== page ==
Bart Ehrman likes to tell his readers and listeners that there are hundreds of thousands of textual variants in the New Testament manuscript tradition, knowing that readers and listeners who are unfamiliar with what qualifies as a textual variant will be misled by this number. In reality, the vast majority of textual variants are simple spelling differences (e.g., spelling the Greek name for "John" with one "n" or two), and almost all other variants either do not affect meaning at all (e.g., synonyms) or they arise late in the manuscript tradition and therefore have nothing to do with the original text. Less than one percent of textual variants are both meaningful (i.e., they would affect our translation of the text) and viable (i.e., they may go back to the original text). Of the variants that are both meaningful and viable (the only variants that are really important), not one of them changes any significant Christian doctrine. The result of New Testament textual criticism, then, is that Christian doctrine and the texts it is grounded in are firmly established—hardly the message one would get by reading Ehrman!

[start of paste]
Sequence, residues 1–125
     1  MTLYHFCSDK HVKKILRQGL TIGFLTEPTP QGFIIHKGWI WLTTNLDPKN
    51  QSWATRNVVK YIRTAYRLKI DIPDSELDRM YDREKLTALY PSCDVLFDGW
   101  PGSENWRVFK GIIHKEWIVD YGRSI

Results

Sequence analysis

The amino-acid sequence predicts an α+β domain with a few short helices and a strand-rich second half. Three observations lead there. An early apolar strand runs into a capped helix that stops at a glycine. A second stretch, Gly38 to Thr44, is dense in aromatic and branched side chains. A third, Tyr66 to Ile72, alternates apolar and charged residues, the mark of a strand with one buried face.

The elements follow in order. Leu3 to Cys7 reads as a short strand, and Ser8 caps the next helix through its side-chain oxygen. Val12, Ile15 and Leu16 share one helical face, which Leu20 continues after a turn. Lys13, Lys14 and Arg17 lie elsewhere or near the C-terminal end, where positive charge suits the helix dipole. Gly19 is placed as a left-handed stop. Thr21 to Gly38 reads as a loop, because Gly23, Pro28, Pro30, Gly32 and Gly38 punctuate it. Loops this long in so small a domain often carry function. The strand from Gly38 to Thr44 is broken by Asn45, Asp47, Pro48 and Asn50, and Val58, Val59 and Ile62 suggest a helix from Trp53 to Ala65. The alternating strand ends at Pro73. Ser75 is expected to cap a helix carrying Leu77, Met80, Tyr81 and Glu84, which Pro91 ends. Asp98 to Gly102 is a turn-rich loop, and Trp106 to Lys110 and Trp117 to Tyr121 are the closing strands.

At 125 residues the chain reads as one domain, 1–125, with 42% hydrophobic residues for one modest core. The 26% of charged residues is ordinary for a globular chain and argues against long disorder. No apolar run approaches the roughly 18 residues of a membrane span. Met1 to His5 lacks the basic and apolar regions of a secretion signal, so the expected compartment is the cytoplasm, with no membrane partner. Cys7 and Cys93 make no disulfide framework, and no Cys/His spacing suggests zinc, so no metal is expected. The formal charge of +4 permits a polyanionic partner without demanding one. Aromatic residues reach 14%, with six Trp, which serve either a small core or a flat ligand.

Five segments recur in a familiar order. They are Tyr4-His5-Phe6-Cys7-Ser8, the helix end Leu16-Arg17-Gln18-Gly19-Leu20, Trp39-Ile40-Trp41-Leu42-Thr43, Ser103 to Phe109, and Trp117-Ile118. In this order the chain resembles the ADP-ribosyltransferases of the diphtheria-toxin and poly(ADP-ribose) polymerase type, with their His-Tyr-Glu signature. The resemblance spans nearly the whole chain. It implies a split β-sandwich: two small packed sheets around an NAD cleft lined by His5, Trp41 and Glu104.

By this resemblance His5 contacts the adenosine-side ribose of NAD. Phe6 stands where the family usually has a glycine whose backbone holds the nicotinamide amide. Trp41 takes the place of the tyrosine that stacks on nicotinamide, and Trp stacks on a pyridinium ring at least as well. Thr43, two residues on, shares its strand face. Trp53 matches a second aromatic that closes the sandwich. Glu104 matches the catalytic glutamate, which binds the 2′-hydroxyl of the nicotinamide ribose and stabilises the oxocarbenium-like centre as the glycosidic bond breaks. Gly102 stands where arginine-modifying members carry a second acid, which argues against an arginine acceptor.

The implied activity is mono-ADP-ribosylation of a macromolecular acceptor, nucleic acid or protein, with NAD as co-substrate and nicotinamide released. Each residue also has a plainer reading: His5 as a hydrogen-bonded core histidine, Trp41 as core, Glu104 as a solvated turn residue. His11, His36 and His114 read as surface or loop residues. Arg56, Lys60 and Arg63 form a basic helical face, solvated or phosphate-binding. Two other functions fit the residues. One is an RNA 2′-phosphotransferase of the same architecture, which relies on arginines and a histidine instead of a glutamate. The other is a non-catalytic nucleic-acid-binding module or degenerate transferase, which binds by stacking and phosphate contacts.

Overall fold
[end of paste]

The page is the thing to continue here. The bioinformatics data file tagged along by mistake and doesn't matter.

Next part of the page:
Here's a brief discussion of variants by Daniel Wallace, one of the most respected New Testament textual critics and Greek scholars of our time.